Some levels and enemies were cut completely, making for less variety. And some might argue the back-of-box blurb was a little on the exaggerated side, promising “3D terror and mayhem” (the game is resolutely 2D, with the “3D” referring to the game’s use of parallax scrolling), “dual role-playing” (there are neither any RPG elements or a two-player mode in the game, although there are two playable characters) and “infinite zombies” (not a desirable feature at the best of times).

And yet Sword of Sodan, despite its reputation, is not unplayable by any means. Indeed, it actually does quite a few interesting things along the way that make it worth exploring.

For one, the fusion of a relatively complex fighting game-style control scheme with a one-against-many beat ’em up formula had definite potential — and indeed had previously been used with some success in titles like Jordan Mechner’s Karateka.

It’s important to choose which attacks you use carefully by holding B and using the D-pad in various directions to strike in different ways. Guards with spears, for example, need attacking from up close so they’re not able to use their range against you. Giants need attacking with high swings, as their lower body is not vulnerable. And other types of enemies can each be dealt with in their own optimal way.

Pay particular note to the aforementioned giants; when they kneel down after taking enough damage, you need to do an overhead chop to cleave off their head, otherwise they’ll regenerate all their health! Not good.

Also take note of the special properties different attacks have. The forward jab has a knockback effect, for example, while the crouching stab is the fastest but weakest attack, allowing for “stunlocking” certain enemies. Each attack also has a particularly effective range, too; be careful not to stand too close to enemies while attacking.

Probably the most intriguing thing about Sword of Sodan is its magic system, which involves mixing potions together to have a variety of different effects. This is a mechanic that was expanded considerably over the original Amiga version.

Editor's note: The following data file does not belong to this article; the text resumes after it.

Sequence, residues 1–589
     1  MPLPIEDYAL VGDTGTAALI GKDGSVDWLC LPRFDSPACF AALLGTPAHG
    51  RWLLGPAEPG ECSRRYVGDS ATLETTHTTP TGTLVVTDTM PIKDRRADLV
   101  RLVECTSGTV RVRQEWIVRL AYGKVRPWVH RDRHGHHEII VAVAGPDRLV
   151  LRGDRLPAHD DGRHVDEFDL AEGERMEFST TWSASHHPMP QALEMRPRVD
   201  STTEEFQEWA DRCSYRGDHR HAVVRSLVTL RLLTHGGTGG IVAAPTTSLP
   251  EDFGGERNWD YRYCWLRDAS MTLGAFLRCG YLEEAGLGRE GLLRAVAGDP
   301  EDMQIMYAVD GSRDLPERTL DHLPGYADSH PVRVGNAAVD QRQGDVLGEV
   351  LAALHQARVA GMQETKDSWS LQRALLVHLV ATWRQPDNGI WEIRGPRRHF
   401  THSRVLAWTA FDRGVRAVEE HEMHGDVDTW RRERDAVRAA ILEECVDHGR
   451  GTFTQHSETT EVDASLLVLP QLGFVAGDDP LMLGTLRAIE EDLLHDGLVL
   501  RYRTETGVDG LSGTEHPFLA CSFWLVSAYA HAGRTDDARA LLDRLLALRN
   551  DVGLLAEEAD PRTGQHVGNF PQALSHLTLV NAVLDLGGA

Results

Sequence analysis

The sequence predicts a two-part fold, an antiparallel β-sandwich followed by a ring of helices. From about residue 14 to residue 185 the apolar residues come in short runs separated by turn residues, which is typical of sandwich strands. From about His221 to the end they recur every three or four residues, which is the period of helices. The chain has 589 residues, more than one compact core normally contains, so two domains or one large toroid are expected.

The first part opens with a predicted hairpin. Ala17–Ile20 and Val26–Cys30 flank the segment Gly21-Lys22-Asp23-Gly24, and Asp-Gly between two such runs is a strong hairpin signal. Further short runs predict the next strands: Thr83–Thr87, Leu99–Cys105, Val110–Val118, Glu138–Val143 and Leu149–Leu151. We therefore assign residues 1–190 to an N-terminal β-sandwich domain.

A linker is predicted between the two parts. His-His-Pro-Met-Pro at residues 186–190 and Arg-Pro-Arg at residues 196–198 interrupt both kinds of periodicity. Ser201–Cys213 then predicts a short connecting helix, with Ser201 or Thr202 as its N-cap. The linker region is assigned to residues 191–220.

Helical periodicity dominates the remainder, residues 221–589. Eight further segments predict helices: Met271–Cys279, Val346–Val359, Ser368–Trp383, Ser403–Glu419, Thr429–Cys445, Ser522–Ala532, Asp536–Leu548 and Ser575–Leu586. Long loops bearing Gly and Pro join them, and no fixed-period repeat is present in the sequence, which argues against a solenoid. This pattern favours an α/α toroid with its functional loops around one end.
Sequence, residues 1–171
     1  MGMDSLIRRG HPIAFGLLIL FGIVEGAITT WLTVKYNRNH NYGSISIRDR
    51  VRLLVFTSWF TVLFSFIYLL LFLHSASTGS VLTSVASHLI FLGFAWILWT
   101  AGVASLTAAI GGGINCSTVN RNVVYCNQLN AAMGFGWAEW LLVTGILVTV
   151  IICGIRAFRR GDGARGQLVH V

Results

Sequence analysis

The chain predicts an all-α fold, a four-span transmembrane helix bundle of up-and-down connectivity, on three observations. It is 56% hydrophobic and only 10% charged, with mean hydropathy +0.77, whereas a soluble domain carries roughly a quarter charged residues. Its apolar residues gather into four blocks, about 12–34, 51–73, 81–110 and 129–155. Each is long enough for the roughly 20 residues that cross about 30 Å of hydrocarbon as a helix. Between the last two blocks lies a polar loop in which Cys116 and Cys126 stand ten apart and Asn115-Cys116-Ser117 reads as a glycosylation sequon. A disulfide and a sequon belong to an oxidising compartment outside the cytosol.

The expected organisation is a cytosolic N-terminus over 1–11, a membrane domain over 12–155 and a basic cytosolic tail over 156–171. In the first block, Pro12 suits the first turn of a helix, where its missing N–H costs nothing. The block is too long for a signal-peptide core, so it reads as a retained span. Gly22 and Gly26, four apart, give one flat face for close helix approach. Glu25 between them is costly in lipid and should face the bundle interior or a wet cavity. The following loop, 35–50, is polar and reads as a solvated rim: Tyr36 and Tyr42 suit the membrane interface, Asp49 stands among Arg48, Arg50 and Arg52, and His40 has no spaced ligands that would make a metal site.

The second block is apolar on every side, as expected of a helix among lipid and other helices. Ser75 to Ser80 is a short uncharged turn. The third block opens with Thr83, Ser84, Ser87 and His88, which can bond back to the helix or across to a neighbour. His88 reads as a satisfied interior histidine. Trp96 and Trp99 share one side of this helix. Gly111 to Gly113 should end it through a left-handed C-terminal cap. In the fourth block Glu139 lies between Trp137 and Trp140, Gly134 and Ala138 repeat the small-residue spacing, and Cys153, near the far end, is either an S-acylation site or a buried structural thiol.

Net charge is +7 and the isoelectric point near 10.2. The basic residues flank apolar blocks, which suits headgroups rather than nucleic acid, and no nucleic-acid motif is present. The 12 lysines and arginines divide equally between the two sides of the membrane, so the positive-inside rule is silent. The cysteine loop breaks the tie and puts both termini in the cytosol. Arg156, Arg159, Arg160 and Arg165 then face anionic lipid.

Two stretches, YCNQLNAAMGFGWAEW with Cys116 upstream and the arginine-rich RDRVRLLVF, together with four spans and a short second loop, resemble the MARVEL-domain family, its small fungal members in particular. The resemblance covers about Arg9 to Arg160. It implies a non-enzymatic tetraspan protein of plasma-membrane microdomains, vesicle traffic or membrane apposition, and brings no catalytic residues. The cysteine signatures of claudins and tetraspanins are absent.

On a basic level, red (“Vitalium”) potions increase attack strength, orange (“Solarium”) potions deal heavy damage to nearest enemy, blue (“Hydruim”)  potions restore health and transparent (“Etherium”) potions have no effect by themselves. But when you mix them, additional effects apply.

For example, combining red and transparent potions gives you an extra life. Orange and transparent potions give you a flaming sword, as do red and orange potions. Blue and transparent potions give you temporary invincibility. And if you chug four transparent potions at once, you’ll skip to the next stage! Watch out, though, because other combinations either have no effect or are poisonous.

Note that you can only carry four potions at once and enemies won’t drop any more while you’re fully laden, so if you’re looking for a particular combo and your inventory is full, chug one or two that have either no effect or a positive effect you don’t mind making use of right now. Getting extra lives is always useful.

It’s also worth noting that each time you lose a life, your attack power drops, so make sure you use potions to top it up and even increase it above the starting value. If you don’t do this, you’ll find later fights in the game a real struggle!

So now you know a bit more about Sword of Sodan. Any time something is described as “the worst [x] ever”, treat it with a certain degree of suspicion — and take the time to give it a chance for yourself. You might just find something to like about it. And we’re certainly not judging you if you do.

Sword of Sodan is available as part of Piko Interactive Collection 3 for Evercade. Find out more on the official cartridge page.